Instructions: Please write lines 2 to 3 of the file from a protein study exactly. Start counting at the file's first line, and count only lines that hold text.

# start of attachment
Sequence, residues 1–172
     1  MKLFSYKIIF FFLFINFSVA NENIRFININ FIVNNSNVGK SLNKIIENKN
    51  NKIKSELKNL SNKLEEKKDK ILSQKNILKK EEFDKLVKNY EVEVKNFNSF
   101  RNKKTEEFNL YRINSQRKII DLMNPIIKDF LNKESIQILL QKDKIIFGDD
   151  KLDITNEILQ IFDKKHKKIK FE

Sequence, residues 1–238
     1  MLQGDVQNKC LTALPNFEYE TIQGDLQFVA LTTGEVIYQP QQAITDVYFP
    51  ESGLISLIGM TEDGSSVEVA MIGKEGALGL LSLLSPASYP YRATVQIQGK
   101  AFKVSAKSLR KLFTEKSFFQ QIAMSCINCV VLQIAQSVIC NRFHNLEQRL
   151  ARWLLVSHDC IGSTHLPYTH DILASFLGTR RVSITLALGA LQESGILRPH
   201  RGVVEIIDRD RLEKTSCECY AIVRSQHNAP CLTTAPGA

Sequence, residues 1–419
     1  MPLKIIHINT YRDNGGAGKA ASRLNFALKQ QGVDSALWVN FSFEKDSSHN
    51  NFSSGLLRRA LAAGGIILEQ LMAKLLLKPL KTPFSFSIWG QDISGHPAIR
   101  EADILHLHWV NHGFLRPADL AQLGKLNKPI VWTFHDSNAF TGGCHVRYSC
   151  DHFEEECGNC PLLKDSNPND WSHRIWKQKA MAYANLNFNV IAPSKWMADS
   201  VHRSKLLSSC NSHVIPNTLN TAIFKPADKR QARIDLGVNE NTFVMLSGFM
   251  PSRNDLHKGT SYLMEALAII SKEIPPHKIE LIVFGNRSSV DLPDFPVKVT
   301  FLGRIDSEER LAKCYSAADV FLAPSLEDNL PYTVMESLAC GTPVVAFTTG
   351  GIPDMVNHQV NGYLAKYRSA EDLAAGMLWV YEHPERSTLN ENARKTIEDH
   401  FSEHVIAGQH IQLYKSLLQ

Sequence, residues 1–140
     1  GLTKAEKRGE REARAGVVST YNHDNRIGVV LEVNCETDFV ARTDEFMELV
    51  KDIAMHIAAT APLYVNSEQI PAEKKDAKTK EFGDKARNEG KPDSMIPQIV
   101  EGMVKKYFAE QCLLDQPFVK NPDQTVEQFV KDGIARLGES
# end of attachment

     1  MKLFSYKIIF FFLFINFSVA NENIRFININ FIVNNSNVGK SLNKIIENKN
    51  NKIKSELKNL SNKLEEKKDK ILSQKNILKK EEFDKLVKNY EVEVKNFNSF